The overall results of Diabetic Retinopathy Clinical Research Network Protocol U,1 a short-term study comparing the additive benefits of a dexamethasone implant (Ozurdex, Allergan) to ranibizumab 

(Lucentis, Roche/Genentech) in patients with persistent macular edema and visual loss, showed no visual benefit from the combination treatment. 

The study only enrolled subjects with macular edema that persisted despite at least three monthly ranibizumab injections and at least three additional anti-VEGF injections prior to enrollment. Thus, subjects had to have residual macular edema with vision loss after a minimum of six injections of anti-VEGF. 

The primary endpoint was the visual acuity gain after 24 weeks on combination or ranibizumab-alone treatment. Overall, the additional visual acuity gain was 3 letters in each group. Prior to this, subjects had already gained 3 letters when treated with ranibizumab Q4 weeks under the study protocol. Thus, there was no overall difference in acuity between the groups.

Here, I review the key findings of Protocol U and how they can enlighten our clinical approach to using the dexamethasone implant in our retina practices. 


Where did Protocol U show visual benefit?  

On preplanned secondary analysis, we found a greater proportion of subjects with a 15-letter or greater improvement in vision in the combination group vs. the ranibizumab-only group (11 vs. 2 percent, p=0.03). We also found that the combination group had a small increase in the proportion of patients with decreased vision over 10 letters (13 vs. 6 percent, p=0.09), but this was not statistically significant.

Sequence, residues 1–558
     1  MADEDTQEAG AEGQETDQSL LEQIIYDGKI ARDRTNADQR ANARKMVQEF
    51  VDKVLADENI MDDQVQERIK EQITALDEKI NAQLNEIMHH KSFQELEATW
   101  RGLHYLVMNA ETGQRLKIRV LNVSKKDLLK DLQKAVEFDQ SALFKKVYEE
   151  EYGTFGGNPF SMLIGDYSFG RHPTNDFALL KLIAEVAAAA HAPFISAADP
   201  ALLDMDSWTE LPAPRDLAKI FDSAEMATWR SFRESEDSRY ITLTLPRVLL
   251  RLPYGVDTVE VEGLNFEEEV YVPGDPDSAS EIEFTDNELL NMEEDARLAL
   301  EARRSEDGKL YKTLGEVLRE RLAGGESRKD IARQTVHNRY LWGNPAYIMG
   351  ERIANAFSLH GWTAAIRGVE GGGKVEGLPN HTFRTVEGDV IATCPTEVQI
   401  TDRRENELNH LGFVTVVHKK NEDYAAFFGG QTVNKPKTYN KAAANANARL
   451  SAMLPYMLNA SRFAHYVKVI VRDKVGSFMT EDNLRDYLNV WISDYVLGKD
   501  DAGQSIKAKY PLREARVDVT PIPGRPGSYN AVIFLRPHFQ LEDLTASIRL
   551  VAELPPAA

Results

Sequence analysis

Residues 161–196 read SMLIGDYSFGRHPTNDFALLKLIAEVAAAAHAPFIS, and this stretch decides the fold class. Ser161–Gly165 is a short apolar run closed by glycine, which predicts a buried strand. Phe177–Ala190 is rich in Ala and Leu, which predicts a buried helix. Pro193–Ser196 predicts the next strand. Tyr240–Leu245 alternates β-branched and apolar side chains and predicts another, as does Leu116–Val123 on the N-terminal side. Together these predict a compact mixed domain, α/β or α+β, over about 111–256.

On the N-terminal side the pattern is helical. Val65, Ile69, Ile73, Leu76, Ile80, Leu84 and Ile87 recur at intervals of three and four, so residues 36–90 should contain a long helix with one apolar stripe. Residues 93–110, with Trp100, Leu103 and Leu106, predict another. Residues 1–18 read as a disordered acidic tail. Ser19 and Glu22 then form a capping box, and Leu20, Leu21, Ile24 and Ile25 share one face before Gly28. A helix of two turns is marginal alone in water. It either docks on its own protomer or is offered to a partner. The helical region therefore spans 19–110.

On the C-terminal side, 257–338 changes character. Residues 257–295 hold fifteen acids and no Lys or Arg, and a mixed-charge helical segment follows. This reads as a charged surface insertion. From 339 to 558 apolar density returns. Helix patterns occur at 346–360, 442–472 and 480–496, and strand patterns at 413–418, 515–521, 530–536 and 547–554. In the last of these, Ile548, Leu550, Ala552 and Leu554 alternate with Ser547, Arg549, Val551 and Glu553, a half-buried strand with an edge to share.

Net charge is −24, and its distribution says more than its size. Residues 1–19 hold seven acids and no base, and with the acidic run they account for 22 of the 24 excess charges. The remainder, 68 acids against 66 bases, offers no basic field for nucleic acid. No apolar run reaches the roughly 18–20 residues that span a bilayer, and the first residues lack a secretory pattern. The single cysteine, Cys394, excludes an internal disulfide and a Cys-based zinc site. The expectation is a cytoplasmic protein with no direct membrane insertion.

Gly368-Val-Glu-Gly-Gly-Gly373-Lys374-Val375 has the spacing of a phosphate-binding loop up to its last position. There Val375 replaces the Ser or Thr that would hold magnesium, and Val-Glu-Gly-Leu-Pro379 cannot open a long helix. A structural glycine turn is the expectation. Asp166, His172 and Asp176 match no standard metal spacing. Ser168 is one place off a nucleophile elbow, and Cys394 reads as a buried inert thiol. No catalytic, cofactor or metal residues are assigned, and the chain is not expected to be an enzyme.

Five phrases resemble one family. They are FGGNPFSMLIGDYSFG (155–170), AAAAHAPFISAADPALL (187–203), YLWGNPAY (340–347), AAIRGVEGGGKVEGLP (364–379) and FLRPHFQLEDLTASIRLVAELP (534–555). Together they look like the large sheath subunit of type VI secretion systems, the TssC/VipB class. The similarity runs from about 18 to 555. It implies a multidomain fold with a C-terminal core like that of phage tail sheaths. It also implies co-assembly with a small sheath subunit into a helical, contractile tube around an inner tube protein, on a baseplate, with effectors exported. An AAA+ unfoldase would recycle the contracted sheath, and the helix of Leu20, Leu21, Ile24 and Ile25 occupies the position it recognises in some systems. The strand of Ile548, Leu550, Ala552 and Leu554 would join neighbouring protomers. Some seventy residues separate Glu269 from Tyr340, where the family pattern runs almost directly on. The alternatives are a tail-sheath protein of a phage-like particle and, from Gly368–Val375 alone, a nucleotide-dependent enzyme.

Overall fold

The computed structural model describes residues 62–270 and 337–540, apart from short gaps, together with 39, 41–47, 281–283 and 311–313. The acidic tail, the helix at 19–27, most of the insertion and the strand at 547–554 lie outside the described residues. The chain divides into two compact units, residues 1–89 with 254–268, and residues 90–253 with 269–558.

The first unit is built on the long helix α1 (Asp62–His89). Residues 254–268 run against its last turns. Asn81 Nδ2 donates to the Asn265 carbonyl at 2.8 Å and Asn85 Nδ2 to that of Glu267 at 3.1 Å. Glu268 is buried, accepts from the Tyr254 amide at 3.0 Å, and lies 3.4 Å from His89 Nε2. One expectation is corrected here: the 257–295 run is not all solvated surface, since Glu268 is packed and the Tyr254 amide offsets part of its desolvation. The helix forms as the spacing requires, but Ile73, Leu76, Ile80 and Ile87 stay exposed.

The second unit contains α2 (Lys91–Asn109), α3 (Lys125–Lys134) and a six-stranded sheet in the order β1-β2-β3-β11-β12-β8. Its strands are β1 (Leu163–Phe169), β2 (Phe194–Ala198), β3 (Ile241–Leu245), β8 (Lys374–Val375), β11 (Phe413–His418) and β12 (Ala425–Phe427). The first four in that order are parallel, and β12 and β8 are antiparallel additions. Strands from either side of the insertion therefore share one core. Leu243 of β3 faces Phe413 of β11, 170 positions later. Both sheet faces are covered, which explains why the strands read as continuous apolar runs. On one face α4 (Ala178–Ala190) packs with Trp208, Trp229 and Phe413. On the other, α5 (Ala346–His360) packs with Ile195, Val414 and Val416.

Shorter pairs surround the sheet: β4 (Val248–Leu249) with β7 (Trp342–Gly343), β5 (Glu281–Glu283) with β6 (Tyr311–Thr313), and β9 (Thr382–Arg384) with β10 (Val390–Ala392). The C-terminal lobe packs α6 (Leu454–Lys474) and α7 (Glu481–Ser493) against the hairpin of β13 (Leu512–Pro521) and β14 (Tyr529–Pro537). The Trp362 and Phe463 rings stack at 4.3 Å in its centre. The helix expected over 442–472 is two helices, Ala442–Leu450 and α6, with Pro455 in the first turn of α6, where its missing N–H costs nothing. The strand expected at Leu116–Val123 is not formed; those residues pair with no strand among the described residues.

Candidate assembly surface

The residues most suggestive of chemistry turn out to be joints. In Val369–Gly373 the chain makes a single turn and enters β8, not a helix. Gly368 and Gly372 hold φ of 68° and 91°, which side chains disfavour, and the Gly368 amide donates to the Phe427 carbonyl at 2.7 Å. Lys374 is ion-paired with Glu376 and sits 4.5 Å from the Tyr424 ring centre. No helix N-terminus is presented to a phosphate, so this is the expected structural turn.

Where did Protocol U show anatomic benefit?  

We found that central subfield thickness reduced significantly more in the combination group than in the ranibizumab-only group (110 µm vs. 62 µm, p<0.001). Additionally, about 50 percent of the combination group had a flat retina at week 24 compared with 31 percent of the ranibizumab-only group (p=0.02). The improvement in OCT thickness was rapid and sustained in the combination group. This would be expected because Ozurdex was provided every 12 weeks, not every 24 weeks per the label indication. The investigators believe its duration of action is far shorter than what the label stipulates.


What about pseudophakic patients?  

The study was initially conceived to include pseudophakic subjects only. However, it was very difficult to recruit for the study, so we finally expanded it to include phakic subjects. We examined the pseudophakic subgroup and found that their visual acuity tracked that of the phakic subgroup’s through week 20. 

At the end of the study, the 24th week after randomization, the pseudophakic group had a 5-letter gain in acuity while the phakic group had a 2-letter gain, but this difference at this one time point did not reach significance. The study was not sufficiently powered to determine if pseudophakic patients would benefit from treatment early in the disease process. We just didn’t have sufficient numbers for this analysis.  


What about intraocular pressure?  

The entry criteria for the study were rather strict with regards to potential subjects not having any history of steroid responsiveness. For example, the study excluded subjects with any history of intraocular pressure risk with topical steroids in the fellow eye. Despite this careful exclusion, about 30 percent of the combination group had a significant rise in IOP, with 20 percent requiring treatment. It’s possible that this pressure rise was more common than in the MEAD studies because the frequency of Ozurdex injection was higher (12- vs. 24-week interval).2


Who might benefit from steroids?